**Contents:**

**Related article**: Finite Geometric sequences.

## What is a Geometric Series?

A **geometric series** is one where every two successive terms have the same ratio. Once a common factor is removed from the series, you end up with a value raised to a series of consecutive powers. This type of series have important applications in many fields, including economics, computer science, and physics.

An *infinite series* is the description of an operation where infinitely many quantities, one after another, are added to a given starting quantity. Any geometric series can be written as

*a + ar + ar ^{2} + ar^{3} + …*

where a is the initial term (also called the leading term) and r is the ratio that is constant between terms. We call this ratio the **common ratio**.

A geometric series can either be *finite *or *infinite*.

- A finite series converges on a number. For example, 1/2 + 1/4 + 1/8…converges (i.e. settles on) on 1.
- An infinite geometric series does not converge on a number. For example, 10 + 20 + 20… does not converge (it just keeps on getting bigger).

## Finite Geometric Series

A finite geometric series has a set number of terms. For example, instead of having an infinite number of terms, it might have 10, 20, or 99. As long as there’s a set end to the series, then it’s finite. For example, all of the following are finite geometric series:

Geometric Series | Starting Term (a) | Ratio (r) | Number of terms (n) |

2 + 4 + 8 + 16 + 32 | 2 | 2 | 5 |

2 – 20 + 200 – 2000 | 3 | -10 | 4 |

5 | ½ | 101 |

## Infinite Geometric Series

The series:

is an infinite geometric series. The “…” at the end of the series means that this particular series goes on to infinity. Each term is equal to the previous term times a constant, the common ratio. Since this common ratio is ½, we know this series converges, and we know it will approach (½)/(1 – ½) = 1 as the number of terms goes to infinity.

Another example of a this type of series is

2 + 4 + 8 + 16 + 32 + …,

Here again each term is equal to the previous term times a constant, so we know our series is geometric. The constant, 2, is greater than 1, so the series will diverge.

## Sum of a Convergent Geometric Series

The sum of a convergent geometric series can be calculated with the formula ^{a}⁄_{1 – r}, where “a” is the first term in the series and “r” is the number getting raised to a power. A geometric series converges if the r-value (i.e. the number getting raised to a power) is between -1 and 1.

A geometric series

converges if and only if the absolute value of the common ratio, |r|, is less than 1. As a formula, that’s if:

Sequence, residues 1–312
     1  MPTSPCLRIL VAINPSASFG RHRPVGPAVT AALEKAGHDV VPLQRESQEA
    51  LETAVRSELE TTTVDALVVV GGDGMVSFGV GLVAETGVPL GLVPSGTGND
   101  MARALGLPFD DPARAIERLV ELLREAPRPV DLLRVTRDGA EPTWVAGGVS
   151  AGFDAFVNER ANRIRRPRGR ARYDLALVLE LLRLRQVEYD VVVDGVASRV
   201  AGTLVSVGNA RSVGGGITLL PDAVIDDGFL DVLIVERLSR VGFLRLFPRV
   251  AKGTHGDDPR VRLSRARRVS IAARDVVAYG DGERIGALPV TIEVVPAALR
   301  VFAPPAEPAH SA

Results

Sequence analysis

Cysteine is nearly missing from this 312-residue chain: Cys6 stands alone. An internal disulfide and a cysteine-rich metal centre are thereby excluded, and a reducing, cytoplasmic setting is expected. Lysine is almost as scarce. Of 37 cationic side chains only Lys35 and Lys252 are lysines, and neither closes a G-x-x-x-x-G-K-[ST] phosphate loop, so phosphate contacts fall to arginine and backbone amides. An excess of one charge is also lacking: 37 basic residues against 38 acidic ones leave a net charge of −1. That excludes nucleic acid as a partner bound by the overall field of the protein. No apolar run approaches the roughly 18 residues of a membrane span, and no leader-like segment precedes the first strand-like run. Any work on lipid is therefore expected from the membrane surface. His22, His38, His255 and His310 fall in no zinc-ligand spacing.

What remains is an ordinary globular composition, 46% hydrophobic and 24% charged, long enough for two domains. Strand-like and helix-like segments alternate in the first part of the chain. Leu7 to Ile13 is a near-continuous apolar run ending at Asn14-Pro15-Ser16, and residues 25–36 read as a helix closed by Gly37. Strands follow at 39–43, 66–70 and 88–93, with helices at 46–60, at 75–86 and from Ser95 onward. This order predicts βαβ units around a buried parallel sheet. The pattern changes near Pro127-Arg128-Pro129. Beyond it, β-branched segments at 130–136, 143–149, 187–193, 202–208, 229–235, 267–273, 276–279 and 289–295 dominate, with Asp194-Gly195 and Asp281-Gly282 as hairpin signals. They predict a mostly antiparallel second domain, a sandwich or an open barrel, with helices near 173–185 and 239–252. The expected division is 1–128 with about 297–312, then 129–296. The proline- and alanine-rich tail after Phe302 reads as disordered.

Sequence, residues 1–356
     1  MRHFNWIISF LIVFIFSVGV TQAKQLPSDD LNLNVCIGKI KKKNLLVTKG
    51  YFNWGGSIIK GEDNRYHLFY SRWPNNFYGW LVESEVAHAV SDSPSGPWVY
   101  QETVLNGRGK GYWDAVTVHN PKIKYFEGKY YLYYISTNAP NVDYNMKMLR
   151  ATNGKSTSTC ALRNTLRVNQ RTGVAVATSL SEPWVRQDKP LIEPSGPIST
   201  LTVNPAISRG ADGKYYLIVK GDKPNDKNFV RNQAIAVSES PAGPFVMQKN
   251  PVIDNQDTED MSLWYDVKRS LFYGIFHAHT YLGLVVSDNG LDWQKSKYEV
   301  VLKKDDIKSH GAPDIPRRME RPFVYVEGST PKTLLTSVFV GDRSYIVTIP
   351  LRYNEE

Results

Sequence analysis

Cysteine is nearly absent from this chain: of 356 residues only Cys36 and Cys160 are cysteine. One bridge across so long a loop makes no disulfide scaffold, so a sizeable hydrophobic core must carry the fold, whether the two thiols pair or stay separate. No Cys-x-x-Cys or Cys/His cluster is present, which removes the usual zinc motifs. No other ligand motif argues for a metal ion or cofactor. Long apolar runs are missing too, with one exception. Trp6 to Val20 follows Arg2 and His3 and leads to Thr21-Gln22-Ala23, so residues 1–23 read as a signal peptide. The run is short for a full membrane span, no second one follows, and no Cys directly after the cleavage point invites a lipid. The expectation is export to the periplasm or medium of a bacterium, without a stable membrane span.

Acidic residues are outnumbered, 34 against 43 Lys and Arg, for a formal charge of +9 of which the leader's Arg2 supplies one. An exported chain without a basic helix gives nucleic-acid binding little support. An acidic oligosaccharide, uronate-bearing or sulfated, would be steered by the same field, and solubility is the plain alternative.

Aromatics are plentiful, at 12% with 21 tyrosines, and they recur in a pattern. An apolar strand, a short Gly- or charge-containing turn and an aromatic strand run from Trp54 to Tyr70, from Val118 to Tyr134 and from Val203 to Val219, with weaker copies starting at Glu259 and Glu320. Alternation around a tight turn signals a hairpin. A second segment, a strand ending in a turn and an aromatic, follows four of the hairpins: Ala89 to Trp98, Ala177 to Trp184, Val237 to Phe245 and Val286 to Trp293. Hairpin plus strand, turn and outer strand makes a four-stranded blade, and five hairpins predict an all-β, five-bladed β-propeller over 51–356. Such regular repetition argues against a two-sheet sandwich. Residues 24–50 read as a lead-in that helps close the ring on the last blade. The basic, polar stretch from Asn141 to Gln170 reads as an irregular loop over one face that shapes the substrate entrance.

**0 < | r | < 1**

Where

*r*is the common ratio.

In this case, the series will approach

*a*/ (1 –

*r*).

If r is greater or equal to 1, the series diverges. As a formula, that’s if:

**| r | ≥ 1**

In general, computing the sums of series in calculus is extremely difficult and is beyond the scope of a calculus II course. However,** the geometric series **is an exception.

Watch the video for two examples, or read on below:

## Sum of a Convergent Geometric Series: Example

**Example problem:** Find the sum of the following geometric series:

Step 1: **Identify the r-value** (the number getting raised to the power). In this sample problem, the r-value is ^{1}⁄_{5}.

Step 2: **Confirm that the series actually converges**. The r-value for this particular series ( ^{1}⁄_{5}) is between -1 and 1 so the series does converge.

Step 3: **Find the first term**. Get the first term is obtained by plugging the bottom “n” value from the summation. The bottom n-value is 0, so the first term in the series will be (^{1}⁄_{5})^{0}.

Step 4: **Set up the formula** to calculate the sum of the geometric series, ^{a}⁄_{1-r}. “a” is the first term you calculated in Step 3 and “r” is the r-value from Step 1:

The sum of this particular geometric series is ^{5}⁄_{4}

*That’s it!*

## What is the rth Moment?

A “rth moment” refers to the following geometric series:

The

rth moment = (x_{1}^{r}+ x_{2}^{r}+ x_{3}^{r}+… + x_{n}^{r}) / n.

**See**: Rth moments and moments defined

## References

Berresford, G. & Rocket, A. (2015). Applied Calculus. Cengage Learning.

Callahan, J. (2010). Advanced Calculus: A Geometric View. Springer Science & Business Media.

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